Spaces for Pluralism in Ethnically Sensitive Communities in Uganda: The Case of Kibaale District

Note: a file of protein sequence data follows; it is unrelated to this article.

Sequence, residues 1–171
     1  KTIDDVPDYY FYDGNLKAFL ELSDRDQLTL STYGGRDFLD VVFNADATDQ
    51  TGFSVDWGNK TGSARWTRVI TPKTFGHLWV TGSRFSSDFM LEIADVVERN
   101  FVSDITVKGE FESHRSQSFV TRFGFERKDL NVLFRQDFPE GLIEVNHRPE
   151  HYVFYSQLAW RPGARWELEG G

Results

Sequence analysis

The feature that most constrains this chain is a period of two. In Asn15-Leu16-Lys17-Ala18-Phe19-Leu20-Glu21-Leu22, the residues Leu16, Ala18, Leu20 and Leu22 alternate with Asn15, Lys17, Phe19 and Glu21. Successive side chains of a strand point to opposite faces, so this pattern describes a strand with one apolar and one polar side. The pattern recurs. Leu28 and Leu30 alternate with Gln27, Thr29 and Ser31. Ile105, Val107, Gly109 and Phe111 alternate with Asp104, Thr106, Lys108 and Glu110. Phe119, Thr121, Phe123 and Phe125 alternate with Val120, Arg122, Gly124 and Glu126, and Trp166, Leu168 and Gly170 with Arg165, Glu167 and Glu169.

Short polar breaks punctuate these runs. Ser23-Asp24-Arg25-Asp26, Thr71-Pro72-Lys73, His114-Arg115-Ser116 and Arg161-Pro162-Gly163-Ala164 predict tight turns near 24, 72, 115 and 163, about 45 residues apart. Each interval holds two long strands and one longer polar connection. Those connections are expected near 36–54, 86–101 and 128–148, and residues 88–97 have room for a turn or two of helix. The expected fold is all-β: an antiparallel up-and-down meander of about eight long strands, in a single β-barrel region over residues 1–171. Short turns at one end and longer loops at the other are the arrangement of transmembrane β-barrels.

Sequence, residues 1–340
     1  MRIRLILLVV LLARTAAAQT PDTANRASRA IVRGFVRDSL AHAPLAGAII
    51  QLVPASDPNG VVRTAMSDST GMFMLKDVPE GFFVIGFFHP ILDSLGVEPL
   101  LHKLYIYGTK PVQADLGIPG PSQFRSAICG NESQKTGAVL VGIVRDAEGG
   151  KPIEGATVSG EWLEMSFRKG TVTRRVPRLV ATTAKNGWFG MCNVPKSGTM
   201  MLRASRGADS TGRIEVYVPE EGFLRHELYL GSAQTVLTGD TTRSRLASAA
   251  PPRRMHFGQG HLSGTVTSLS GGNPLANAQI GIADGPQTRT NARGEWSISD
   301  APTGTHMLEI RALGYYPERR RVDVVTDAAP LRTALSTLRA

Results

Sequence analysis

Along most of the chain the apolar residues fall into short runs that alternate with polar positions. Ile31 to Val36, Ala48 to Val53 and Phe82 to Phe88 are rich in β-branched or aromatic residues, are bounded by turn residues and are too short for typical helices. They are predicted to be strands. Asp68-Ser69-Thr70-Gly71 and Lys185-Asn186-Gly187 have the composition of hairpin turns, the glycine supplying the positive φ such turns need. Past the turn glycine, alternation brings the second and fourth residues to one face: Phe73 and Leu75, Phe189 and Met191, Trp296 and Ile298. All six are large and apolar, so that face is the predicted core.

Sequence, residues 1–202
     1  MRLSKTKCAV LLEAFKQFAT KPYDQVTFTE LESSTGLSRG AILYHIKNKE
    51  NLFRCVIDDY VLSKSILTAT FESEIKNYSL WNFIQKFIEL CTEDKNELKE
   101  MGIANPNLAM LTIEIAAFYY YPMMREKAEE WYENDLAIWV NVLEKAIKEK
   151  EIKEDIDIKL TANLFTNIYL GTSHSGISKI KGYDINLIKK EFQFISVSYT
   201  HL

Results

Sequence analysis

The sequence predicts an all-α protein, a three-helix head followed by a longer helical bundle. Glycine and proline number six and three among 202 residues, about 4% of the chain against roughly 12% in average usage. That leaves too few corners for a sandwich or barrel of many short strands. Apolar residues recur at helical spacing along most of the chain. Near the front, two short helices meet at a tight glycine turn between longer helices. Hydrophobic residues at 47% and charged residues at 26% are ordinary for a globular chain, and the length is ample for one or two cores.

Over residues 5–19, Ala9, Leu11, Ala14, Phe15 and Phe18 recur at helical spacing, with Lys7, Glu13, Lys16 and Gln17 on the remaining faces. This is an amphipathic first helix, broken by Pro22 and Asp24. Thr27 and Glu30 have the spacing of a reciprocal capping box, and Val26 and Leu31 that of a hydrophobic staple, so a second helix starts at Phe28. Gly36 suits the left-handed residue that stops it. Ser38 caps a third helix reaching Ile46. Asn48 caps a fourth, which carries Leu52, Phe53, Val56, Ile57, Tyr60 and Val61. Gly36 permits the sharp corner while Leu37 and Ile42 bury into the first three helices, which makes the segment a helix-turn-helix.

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This qualitative study addresses possibilities for living with differences in communities which are prone to ethnic conflict. Its primary empirical focus is on the perceptions of the residents of Kibaale district in Uganda. An analysis of the problematic history of the district shows that multilayered factors have been at play. These factors include identity politics, a rapid increase of new migrant residents, active ethnic pressure groups, the influence of local radio broadcasts and cultural contestations. In this social context, ethnic identities were transformed and inter-ethnic violence broke out. A number of pluralism initiatives at different levels were taken to redress the situation. These initiatives point in two directions: assimilation and pluralism. Assimilative tendencies were especially noted in intermarriage. Pluralist initiatives include inter-ethnic friendships, learning each other’s languages, community peace dialogues facilitated by religious bodies and other civil society organizations (CSOs), sensitization by CSOs and the Government through mass media, political cooperation across ethnic lines, plural representation of ethnic groups in the appointment of district positions, splitting political constituencies to create more space for ethnic representation, and creating a Ministry of Bunyoro (regional) Affairs. The study shows that these different pluralism initiatives synergistically reinforce each other in their attempt to improve inter-ethnic relations. However, the sustainability of these initiatives remains unclear since it is also possible that they could aggravate identity politics by providing incentives for ethno-territorial claims and contestations of belonging.
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